Cisco announced that its next CEO would be Chuck Robbins, a 17-year Cisco veteran who was leading the company’s global sales and partner team.
This is a surprise, but it shouldn’t be.
Two years ago, Cisco talked about the retirement of its long-time CEO, John Chambers, who is 65, saying it had about 10 candidates in mind and naming Robbins among them.
But the surprise is this: Rob Lloyd was widely considered to be Chambers’ heir apparent by those inside and outside the company. He ran worldwide sales before Robbins and his most recent title was president of development and sales, part of a promotion in 2012 which garnered him a finger into Cisco’s massive engineering efforts.
Every indication was that Chambers was grooming Lloyd, who was widely referred to as Cisco’s No. 2 man, even though Cisco had a COO, Gary Moore, who joined the company in 2001 and became COO in 2011, and was also said to be an internal candidate for the CEO job.
Lloyd had been making more public appearances, speaking on stage. In 2013, Chambers even towed Lloyd and Moore into a CEO meet-and-greet press conference and glibly talked about retiring, playing golf and saying “I can watch these guys run the company.”
On the other hand, Cisco has a long history of skipping over those heir apparent. Chambers has been talking about — and pushing back — his retirement plans for years and years. And heirs have either gotten sick of waiting and left, or were politically pushed out.
A few of the previous heir-apparent include Ned Hooper, formerly chief strategy officer, who left in 2012, Charlie Giancarlo, the former No. 2 to Chambers who left in 2008, and other names like Mike Volpi and Tony Bates, former senior vice presidents who left and had also been bandied about as possible CEOs.
The other surprise is that Chambers announced a retirement at all.
Chambers clearly loves his job at Cisco, where he flies around the world in his private plane, meeting with world leaders (charging back flight time to the company like a rank-and-file employee charges back car mileage).
Many inside the company believed that Chambers would more-or-less never retire, sticking around throughout his whole 60’s, maybe beyond.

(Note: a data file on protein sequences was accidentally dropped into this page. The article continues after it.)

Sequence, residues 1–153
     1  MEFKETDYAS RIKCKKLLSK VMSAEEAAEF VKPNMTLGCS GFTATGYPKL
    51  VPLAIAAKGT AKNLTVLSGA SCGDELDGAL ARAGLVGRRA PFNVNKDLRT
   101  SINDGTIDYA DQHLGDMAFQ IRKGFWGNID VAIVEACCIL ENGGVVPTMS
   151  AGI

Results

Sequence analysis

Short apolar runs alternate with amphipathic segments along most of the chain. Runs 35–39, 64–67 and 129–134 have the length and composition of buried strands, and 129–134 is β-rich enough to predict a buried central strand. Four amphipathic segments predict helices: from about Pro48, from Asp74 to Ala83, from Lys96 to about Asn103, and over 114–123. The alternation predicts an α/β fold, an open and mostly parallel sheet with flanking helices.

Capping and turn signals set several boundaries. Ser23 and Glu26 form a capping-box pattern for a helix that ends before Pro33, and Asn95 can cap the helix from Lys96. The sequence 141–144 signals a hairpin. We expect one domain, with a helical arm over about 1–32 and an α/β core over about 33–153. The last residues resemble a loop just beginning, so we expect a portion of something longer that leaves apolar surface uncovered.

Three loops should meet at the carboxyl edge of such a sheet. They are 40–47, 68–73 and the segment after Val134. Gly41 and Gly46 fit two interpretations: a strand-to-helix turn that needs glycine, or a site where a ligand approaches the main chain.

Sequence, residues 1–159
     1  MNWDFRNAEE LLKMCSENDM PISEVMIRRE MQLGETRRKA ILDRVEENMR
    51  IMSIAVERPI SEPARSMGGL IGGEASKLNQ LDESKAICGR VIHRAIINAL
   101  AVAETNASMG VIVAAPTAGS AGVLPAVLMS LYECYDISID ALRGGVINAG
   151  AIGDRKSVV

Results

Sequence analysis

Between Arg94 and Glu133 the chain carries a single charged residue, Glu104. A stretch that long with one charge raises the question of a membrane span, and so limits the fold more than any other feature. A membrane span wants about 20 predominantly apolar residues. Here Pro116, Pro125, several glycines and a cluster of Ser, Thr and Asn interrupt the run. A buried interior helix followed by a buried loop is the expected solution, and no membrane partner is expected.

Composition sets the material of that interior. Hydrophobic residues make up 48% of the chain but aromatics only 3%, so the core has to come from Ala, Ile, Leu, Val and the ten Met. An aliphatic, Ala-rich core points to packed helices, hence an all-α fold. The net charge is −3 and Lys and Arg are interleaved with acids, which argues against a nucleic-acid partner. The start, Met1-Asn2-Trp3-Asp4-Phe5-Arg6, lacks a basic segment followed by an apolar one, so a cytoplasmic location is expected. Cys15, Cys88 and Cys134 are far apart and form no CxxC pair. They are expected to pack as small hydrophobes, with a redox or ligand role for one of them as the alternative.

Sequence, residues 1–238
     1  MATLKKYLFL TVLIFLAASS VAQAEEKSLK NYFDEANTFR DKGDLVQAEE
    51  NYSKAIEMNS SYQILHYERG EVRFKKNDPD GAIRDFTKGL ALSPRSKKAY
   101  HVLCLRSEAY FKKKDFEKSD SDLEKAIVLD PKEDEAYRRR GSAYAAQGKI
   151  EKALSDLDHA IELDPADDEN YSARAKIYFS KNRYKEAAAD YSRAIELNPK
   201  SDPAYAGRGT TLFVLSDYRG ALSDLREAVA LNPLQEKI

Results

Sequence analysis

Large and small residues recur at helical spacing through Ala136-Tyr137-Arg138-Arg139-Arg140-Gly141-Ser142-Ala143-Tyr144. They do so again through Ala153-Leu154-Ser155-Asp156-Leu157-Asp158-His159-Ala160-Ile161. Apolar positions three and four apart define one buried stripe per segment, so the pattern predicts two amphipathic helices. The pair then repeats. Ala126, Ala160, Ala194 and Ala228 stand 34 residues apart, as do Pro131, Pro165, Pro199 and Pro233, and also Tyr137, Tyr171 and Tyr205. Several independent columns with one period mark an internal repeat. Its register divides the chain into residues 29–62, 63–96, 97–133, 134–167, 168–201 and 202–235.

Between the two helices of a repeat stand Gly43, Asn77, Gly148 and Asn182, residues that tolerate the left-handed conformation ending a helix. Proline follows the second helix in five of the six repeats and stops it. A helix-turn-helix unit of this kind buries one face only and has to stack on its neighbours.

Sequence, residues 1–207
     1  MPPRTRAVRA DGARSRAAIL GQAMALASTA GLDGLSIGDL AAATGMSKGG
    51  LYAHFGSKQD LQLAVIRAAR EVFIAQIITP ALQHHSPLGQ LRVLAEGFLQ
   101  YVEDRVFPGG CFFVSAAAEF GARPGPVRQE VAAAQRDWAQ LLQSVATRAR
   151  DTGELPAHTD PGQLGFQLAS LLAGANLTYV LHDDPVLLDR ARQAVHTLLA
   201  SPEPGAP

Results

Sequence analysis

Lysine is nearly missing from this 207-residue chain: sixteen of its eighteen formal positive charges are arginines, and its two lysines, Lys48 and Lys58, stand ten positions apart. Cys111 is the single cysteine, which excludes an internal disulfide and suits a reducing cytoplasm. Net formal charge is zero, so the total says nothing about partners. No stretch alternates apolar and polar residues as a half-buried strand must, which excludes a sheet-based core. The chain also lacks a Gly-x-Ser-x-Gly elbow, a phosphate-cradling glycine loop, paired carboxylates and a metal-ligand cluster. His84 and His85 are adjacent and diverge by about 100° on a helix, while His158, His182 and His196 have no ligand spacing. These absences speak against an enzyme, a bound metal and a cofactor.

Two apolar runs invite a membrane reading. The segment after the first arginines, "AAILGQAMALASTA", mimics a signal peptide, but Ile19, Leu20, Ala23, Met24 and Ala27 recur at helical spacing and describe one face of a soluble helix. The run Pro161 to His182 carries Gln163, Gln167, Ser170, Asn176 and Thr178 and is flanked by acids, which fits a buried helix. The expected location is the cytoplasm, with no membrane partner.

Chambers is still keeping a solid foot in the game. He’s becoming “executive chairman” a title that indicates a lot of hands-on involvement with the company. This was always part of the plan, he said in 2012, the last time he talked about retirement.
At that time, he said he had agreed to stay on for 2 to 4 more years, which would have taken him through 2016. “The job of the board and myself is to make sure this next one goes really smooth,” he said. “Assuming the board wants me to and assuming the shareholders do, I’ll stay on as chairman after that.”
Of course, Cisco has also been going through some rough times stemming back to 2011, when the company went through a massive re-org and turnaround.
The company had also announced fiscal-year-end layoffs for the last four years in a row as of its most recent fiscal year, which ended in August 2014. Moore admitted to employees that annual layoffs are “the wrong way to do it.”
Last fall, the company went through another massive re-org, this time shuffling around the 25,000 people that worked in its engineer unit. That caused a lot of people to leave Cisco, either through job cuts or voluntarily looking for a new job, many sources told us.
Last June there was a fresh crop of rumours that Chambers would be officially announcing his retirement when the fiscal year ended in August. But like so many of those rumours before them, it didn’t happen then.
As for how Robbins will do as Cisco’s next CEO, after Chambers 20-years as CEO, we’ll see.
The company’s dominance in corporate networking is under attack by a new technology called “software-defined networking” that offers a whole new way to build networks, and makes them faster, cheaper and easier to manage. This new method is being backed by startups run by ex-Cisco engineers, as well as big internet companies like Facebook.
Chambers had been, for years, trying to diversify the company to rely less on networking but for now network technologies still make up the lion’s share of company’s $US47 billion in revenue.